On 17 September, Mr Johnson wrote a lengthy, hyperbolic article for the Daily Telegraph laying out his “vision” for Brexit – in terms calculated to provoke and undermine the Prime Minister (who was scheduled to give a speech on Brexit in Florence, Italy, as we went to press). Extracts of his “article”, which reads more like a speech, appeared while a terror suspect was on the loose and the country’s threat level was at “critical”, leading the Scottish Conservative leader, Ruth Davidson, to remark: “On the day of a terror attack where Britons were maimed, just hours after the threat level is raised, our only thoughts should be on service.”

Three other facets of this story are noteworthy. First, the article was published alongside other pieces echoing and praising its conclusions, indicating that the Telegraph is now operating as a subsidiary of the Johnson for PM campaign. Second, Theresa May did not respond by immediately sacking her disloyal Foreign Secretary – a measure of how much the botched election campaign has weakened her authority. Finally, it is remarkable that Mr Johnson’s article repeated the most egregious – and most effective – lie of the EU referendum campaign. “Once we have settled our accounts, we will take back control of roughly £350m per week,” the Foreign Secretary claimed. “It would be a fine thing, as many of us have pointed out, if a lot of that money went on the NHS.”

This was the promise of Brexit laid out by the official Vote Leave team: we send £350m to Brussels, and after leaving the EU, that money can be spent on public services. Yet the £350m figure includes the rebate secured by Margaret Thatcher – so just under a third of the sum never leaves the country. Also, any plausible deal will involve paying significant amounts to the EU budget in return for continued participation in science and security agreements. To continue to invoke this figure is shameless. That is not a partisan sentiment: the head of the UK Statistics Authority, Sir David Norgrove, denounced Mr Johnson’s “clear misuse of official statistics”.

In the days that followed, the chief strategist of Vote Leave, Dominic Cummings – who, as Simon Heffer writes in this week's New Statesman, is widely suspected of involvement in Mr Johnson’s article – added his voice. Brexit was a “shambles” so far, he claimed, because of the ineptitude of the civil service and the government’s decision to invoke Article 50 before outlining its own detailed demands.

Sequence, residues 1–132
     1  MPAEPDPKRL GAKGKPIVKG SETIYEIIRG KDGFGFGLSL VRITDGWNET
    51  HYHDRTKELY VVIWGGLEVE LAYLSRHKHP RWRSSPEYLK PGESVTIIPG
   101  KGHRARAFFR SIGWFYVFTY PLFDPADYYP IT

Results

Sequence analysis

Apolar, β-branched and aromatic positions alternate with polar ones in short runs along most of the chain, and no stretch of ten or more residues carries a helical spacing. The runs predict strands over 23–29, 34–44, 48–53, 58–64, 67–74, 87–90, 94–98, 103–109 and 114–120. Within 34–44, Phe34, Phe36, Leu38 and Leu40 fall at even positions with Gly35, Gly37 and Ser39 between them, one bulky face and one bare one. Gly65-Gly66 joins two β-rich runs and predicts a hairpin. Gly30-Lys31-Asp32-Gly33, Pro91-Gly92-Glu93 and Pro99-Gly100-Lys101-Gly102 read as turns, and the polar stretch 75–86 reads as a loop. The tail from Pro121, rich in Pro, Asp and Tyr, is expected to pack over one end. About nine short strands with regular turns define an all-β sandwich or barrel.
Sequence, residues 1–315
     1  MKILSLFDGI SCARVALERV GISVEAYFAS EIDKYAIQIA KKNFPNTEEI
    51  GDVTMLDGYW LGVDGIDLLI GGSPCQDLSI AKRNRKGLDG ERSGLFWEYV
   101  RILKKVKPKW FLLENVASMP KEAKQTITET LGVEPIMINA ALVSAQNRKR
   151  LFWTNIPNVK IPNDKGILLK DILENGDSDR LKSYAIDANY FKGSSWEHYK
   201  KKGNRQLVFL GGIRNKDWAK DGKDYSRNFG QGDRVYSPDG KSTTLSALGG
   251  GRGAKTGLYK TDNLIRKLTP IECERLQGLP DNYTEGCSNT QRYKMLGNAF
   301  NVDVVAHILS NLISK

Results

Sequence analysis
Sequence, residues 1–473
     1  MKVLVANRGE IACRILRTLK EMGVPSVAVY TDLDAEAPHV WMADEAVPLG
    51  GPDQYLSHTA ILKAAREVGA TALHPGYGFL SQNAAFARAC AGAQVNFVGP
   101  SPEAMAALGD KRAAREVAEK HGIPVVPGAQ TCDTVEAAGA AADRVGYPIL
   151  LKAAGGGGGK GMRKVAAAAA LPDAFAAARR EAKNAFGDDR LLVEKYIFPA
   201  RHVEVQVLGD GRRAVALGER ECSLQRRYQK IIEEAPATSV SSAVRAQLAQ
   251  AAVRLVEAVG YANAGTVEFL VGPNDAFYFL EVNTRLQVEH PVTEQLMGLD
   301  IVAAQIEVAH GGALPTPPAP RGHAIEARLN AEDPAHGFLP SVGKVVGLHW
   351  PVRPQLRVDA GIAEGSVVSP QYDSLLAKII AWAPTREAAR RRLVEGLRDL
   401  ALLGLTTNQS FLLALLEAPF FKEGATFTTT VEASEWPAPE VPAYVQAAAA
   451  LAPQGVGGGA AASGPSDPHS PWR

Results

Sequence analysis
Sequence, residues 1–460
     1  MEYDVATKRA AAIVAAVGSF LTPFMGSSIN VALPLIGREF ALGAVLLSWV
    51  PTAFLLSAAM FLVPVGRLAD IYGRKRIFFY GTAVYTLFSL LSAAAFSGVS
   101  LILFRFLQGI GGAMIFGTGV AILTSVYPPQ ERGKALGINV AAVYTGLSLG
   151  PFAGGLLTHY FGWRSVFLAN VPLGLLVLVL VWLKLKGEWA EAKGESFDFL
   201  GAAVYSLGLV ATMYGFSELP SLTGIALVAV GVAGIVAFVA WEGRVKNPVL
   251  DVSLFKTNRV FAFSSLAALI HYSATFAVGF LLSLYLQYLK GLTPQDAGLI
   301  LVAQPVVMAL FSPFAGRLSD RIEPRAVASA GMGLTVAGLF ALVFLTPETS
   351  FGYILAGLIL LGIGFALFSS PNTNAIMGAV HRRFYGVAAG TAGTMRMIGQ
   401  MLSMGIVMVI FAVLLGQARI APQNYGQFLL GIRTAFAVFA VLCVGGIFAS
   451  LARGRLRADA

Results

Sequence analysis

There is a fine Yiddish word to describe this – chutzpah. Mr Johnson, like all the other senior members of Vote Leave in parliament, voted to trigger Article 50 in March. If he and his allies had concerns about this process, the time to speak up was then.

It has been clear for some time that Mr Johnson has no ideological attachment to Brexit. (During the referendum campaign, he wrote articles arguing both the Leave and Remain case, before deciding which one to publish – in the Telegraph, naturally.) However, every day brings fresh evidence that he and his allies are not interested in the tough, detailed negotiations required for such an epic undertaking. They will brush aside any concerns about our readiness for such a huge challenge by insisting that Brexit would be a success if only they were in charge of it.

This is unlikely. Constant reports emerge of how lightly Mr Johnson treats his current role. At a summit aiming to tackle the grotesque humanitarian crisis in Yemen, he is said to have astounded diplomats by joking: “With friends like these, who needs Yemenis?” The Foreign Secretary demeans a great office of state with his carelessness and posturing. By extension, he demeans our politics. 

This article first appeared in the 21 September 2017 issue of the New Statesman, The revenge of the left